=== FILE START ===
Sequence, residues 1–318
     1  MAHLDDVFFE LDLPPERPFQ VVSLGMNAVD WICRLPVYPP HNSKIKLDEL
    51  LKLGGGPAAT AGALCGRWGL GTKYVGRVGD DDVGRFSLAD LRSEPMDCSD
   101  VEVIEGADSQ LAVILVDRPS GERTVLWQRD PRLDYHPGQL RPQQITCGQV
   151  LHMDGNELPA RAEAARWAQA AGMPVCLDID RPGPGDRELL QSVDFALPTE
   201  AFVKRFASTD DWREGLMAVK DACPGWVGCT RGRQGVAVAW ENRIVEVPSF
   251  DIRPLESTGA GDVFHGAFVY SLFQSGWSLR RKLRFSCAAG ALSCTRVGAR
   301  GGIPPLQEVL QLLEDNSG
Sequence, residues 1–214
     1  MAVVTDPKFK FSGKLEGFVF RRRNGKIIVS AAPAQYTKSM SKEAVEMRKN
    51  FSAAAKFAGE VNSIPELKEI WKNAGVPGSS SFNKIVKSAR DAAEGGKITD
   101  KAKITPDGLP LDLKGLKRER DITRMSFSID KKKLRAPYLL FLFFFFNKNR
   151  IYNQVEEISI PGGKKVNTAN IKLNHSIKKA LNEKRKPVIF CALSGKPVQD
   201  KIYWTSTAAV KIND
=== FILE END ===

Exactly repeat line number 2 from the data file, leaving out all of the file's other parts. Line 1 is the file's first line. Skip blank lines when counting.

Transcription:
     1  MAHLDDVFFE LDLPPERPFQ VVSLGMNAVD WICRLPVYPP HNSKIKLDEL